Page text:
At the moment we are looking at new kitchens; it is a big financial investment, and the company will be in our home for a month, so we want to choose the company as well as the design carefully. In come cases the decision has been easy due to the behaviour of the companies we have approached. And whether you are working digitally, face to face or on the phone, remembering to listen to the client is crucial.
For a high ticket purchase, any client is going to look for good customer care; building rapport and trust and to feel valued. The reason why I am sharing this is to make you aware of how failing to listen and develop rapport and engagement with any potential client and client can lead them going elsewhere.
Here are some of the observations I have made so far.
As it was the weekend, I contacted 4 companies that had been recommended to me through friends. I added all of my details; asking for a brochure, our timescale, and all contact details. Not one company contacted me by phone or email. It is now 4 working days since I completed the form.
I then phoned up the companies, to follow up. Perhaps there had been some technical problem (I doubt it); or they were inundated with enquiries. The first company I contacted had an extraordinary response. I called and asked if it was possible to have more information; I had completed an online form but wanted to follow up as I had had no response. I was put on hold; I was then put through to someone else who clearly had not been briefed. I repeated what I had said; I was put on hold again, and the same situation was repeated. Reluctantly I was given an appointment for the company to view my existing kitchen; no offer of sending brochures beforehand; no enthusiasm or rapport; no apology for not responding before. AND they couldn’t offer me an appointment for over 2 weeks. I have since cancelled the appointment.
I left 3 further voice mails. Only once company has been back in touch. He apologised for me leaving a voice mail and was very helpful. He listened to what I was looking for. He has arranged an appointment. Success: for me that I have someone providing a quote, and for him because he has a good lead.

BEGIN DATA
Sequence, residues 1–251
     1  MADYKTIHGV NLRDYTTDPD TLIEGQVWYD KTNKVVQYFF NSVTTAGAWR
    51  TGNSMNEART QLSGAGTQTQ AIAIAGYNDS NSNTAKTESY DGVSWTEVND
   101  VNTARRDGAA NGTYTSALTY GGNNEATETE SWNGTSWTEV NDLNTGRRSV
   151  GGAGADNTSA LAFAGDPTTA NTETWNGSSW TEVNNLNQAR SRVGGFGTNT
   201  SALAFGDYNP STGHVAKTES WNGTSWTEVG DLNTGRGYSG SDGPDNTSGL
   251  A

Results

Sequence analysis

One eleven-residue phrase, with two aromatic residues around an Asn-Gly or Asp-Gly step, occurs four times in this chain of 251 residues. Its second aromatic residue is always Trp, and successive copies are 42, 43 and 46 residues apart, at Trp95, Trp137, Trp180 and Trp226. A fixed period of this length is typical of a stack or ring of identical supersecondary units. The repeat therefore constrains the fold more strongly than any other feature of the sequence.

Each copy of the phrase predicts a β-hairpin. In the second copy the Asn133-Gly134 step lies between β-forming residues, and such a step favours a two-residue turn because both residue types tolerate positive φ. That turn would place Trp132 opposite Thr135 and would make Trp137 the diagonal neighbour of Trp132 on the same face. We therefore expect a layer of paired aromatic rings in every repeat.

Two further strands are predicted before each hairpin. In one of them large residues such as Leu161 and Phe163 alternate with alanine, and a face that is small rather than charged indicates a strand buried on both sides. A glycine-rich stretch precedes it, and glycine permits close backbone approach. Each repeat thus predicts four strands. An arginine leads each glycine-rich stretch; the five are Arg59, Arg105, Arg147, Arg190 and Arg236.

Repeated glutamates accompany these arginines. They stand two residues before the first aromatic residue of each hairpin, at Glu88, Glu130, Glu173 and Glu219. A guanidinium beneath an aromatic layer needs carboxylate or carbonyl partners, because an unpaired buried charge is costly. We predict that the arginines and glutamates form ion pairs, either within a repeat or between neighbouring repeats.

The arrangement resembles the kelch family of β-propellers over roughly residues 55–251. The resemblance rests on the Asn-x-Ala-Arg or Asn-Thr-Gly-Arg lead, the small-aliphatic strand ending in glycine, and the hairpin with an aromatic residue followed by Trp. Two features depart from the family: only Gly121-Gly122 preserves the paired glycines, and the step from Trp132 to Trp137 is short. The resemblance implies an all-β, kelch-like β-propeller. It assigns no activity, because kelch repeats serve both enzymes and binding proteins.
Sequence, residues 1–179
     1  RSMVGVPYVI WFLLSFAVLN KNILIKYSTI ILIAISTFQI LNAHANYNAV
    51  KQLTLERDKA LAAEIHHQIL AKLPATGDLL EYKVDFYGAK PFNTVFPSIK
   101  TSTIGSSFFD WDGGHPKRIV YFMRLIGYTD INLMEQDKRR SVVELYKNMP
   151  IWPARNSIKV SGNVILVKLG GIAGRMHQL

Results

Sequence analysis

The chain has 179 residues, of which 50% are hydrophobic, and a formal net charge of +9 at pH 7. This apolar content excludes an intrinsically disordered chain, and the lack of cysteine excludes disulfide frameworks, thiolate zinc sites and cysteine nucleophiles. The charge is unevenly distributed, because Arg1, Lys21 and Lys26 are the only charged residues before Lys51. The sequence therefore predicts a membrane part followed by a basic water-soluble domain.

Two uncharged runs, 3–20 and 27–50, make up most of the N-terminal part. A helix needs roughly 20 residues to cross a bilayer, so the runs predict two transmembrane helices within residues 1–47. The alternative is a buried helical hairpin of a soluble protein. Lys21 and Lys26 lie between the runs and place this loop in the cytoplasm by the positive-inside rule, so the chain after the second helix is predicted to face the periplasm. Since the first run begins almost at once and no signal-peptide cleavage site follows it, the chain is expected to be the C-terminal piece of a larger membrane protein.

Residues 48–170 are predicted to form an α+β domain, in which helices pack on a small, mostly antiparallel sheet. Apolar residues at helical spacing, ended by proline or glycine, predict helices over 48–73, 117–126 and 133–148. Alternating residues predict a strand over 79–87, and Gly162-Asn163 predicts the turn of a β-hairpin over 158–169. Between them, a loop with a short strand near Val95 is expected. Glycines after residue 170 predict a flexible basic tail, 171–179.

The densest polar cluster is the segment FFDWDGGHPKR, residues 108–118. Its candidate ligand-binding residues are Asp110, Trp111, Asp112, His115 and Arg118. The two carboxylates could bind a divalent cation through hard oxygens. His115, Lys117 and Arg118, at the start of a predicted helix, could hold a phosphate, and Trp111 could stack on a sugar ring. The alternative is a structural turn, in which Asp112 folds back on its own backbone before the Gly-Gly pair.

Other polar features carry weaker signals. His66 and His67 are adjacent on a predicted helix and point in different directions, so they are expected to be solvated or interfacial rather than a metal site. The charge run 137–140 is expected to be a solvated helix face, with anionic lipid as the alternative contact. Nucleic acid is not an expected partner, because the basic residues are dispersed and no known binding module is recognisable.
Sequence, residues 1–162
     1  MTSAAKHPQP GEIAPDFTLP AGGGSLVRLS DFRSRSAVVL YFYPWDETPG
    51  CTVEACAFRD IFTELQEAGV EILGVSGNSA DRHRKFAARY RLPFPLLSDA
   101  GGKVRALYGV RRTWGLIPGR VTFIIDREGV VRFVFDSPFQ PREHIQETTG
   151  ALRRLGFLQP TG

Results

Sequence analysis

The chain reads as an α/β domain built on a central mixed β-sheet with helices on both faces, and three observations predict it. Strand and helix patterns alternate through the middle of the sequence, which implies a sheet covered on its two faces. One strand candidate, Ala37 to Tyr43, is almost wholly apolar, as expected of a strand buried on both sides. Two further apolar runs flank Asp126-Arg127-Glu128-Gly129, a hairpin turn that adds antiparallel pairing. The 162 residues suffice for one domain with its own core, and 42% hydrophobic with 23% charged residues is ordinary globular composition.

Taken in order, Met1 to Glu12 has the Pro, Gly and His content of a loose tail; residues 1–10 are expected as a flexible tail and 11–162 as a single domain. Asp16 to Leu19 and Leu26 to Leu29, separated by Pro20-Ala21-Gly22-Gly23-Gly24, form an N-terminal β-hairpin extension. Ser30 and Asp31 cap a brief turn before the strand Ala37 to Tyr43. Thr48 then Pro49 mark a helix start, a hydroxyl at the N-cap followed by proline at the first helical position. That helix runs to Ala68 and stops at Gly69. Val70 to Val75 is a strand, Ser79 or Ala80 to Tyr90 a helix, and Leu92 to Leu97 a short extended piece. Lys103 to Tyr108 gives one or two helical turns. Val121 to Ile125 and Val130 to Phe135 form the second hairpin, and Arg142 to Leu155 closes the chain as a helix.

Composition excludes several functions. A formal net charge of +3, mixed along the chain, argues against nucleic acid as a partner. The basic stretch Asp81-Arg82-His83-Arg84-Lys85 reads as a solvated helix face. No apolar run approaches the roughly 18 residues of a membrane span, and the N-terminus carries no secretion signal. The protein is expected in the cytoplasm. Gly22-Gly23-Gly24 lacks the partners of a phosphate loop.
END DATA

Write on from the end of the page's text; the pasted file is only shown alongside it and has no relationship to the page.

I don’t know if these businesses are so busy. Good luck to them if that is the case. But if you have a contact form, you are inviting people to start a conversation with you. If you do not respond within a couple of days, you will be giving the message that you aren’t interested; you don’t value to person who has contacted you and the person will go elsewhere.
I mention this last point because someone contacted me a week ago to be a volunteer for a charity, and she followed up yesterday. I had had an automated response message so she was aware I had been out of the office. I was very apologetic because of our family tragedy and my son’s A Level results, I had not responded. But here is the rub: I apologised and made it very clear that circumstances had contributed to my non-response.
But also, I was contacted by someone asking me to share some information; add it to blogs; invite me to interview her for my blog etc. I responded; very generously inviting her to be on my VLOG and podcast. NO RESPONSE – and it is two weeks. Does she actually value my offer? Or did she want to bombard lots of people (it wasn’t a personal email) with her demands whilst giving nothing back???